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Lava Jato and Mani Pulite: Will Brazil’s Corruption Investigation End Up a Wash?

Pop quiz:

Which corruption investigation was preceded by a massive outcry against corruption, was advanced by federal prosecutors making liberal use of the plea bargain, implicated hundreds of politicians (including former and current heads of state), raised serious questions about the role of the independent judiciary, and ultimately resulted in a dramatic political crisis that led to the replacement of a long-standing populist regime with a conservative government bent on reform?

If you guessed Brazil’s Lava Jato (English: Car Wash), you’d be correct.

But if you answered Italy’s Mani Pulite (English: Clean Hands), you’d also be right.

The similarities between the two anticorruption investigations and subsequent prosecutions are no coincidence. In 2004, Brazilian Judge Sérgio Moro, currently responsible for Lava Jato, penned an essay praising the Clean Hands operation, calling it “one of the most impressive judicial crusades against political and administrative corruption,” lamenting Brazil’s failure to engage in a crusade of similar import, and setting a roadmap for the country to do so, based largely on the perceived successful tactics of Italy’s Clean Hands.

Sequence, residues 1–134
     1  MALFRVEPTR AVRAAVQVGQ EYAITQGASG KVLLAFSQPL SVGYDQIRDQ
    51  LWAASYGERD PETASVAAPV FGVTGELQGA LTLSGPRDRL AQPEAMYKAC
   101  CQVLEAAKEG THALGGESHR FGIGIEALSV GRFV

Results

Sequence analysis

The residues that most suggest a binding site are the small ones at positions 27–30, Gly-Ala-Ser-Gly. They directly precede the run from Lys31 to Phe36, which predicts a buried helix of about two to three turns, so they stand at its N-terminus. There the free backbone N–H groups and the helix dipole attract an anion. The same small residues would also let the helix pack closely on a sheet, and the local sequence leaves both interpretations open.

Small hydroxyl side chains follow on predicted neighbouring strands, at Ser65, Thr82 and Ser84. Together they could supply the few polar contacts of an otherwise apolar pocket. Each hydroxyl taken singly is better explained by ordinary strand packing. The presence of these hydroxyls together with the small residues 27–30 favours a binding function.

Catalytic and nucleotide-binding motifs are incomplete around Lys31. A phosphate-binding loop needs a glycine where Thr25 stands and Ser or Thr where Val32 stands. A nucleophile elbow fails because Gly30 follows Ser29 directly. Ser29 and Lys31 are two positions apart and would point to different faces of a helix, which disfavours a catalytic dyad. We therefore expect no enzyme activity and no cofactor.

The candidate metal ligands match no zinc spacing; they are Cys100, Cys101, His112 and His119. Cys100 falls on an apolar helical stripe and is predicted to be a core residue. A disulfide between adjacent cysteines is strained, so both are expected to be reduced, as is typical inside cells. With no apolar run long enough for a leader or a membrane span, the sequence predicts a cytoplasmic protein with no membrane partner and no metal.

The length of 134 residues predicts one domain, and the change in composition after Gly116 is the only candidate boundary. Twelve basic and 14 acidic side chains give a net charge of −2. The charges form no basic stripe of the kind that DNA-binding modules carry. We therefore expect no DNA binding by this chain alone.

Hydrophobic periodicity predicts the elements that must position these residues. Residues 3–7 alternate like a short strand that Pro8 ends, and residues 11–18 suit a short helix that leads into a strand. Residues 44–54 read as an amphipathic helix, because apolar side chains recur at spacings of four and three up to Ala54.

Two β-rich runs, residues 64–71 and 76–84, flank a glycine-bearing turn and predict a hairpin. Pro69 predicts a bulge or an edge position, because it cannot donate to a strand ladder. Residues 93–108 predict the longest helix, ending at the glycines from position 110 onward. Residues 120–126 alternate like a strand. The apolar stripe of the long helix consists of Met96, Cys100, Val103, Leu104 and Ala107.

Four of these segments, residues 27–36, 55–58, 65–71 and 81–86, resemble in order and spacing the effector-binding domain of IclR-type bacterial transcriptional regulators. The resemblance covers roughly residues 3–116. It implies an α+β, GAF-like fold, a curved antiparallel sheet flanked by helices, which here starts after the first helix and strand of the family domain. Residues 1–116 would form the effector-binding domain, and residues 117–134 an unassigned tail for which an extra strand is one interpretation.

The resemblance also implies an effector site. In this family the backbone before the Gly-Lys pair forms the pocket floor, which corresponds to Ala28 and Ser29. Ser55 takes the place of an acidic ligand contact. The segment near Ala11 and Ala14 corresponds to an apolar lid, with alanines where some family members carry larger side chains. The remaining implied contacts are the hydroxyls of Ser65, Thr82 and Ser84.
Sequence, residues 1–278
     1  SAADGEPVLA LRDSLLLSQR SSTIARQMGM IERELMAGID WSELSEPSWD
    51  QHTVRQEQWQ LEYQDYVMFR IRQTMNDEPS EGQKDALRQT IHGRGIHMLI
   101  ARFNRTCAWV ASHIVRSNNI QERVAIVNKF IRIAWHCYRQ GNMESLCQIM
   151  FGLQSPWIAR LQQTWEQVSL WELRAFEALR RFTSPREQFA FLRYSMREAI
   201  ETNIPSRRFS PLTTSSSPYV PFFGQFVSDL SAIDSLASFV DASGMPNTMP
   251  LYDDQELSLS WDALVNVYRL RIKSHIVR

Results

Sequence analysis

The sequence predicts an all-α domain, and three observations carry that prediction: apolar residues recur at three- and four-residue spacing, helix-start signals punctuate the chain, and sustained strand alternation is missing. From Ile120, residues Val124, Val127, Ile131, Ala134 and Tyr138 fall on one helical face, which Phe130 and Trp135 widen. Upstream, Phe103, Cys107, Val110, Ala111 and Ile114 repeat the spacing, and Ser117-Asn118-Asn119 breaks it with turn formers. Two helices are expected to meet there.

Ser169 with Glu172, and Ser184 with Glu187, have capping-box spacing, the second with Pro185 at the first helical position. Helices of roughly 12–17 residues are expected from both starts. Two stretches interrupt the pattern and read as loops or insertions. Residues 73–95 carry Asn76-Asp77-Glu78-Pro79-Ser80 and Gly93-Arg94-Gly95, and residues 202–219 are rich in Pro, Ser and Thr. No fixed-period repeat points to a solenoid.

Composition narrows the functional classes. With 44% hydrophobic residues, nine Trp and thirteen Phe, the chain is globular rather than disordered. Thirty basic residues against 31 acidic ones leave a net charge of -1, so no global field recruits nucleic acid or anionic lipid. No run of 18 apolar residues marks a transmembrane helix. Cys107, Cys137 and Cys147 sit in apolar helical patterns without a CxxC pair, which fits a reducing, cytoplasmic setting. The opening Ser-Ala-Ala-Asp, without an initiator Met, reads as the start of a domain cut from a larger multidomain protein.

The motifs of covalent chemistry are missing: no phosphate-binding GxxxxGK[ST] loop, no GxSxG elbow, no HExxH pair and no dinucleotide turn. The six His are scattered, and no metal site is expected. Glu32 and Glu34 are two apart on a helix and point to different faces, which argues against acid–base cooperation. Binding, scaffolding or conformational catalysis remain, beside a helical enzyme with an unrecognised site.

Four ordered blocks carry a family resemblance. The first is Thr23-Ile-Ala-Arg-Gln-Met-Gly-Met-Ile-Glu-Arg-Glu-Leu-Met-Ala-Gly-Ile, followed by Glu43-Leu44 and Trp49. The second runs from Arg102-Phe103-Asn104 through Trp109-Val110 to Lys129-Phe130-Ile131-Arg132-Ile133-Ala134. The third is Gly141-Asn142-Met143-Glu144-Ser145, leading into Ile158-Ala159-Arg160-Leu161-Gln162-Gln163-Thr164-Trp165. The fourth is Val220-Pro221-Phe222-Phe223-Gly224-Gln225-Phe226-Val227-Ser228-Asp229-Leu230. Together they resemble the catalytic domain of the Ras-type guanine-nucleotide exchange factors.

Over the last three years, Brazil’s Car Wash operation has followed Moro’s roadmap. But, as Alberto Vannucci has pointed out, Clean Hands was far from an unqualified success—on the contrary, the headline-grabbing, establishment-shaking operation arguably left the country even more mired in corruption than before. Last year, GAB contributor Daniel Binette (channeling Vannucci) predicted that Brazil could face three major challenges in the wake of Car Wash: (1) a collapse of major political parties, (2) the remote possibility of a coup, as occurred in Thailand in 2014, and (3) a loss of public confidence in the anticorruption probe itself. Some of Binette’s predictions have proven prescient, while the accuracy of others remains to be seen.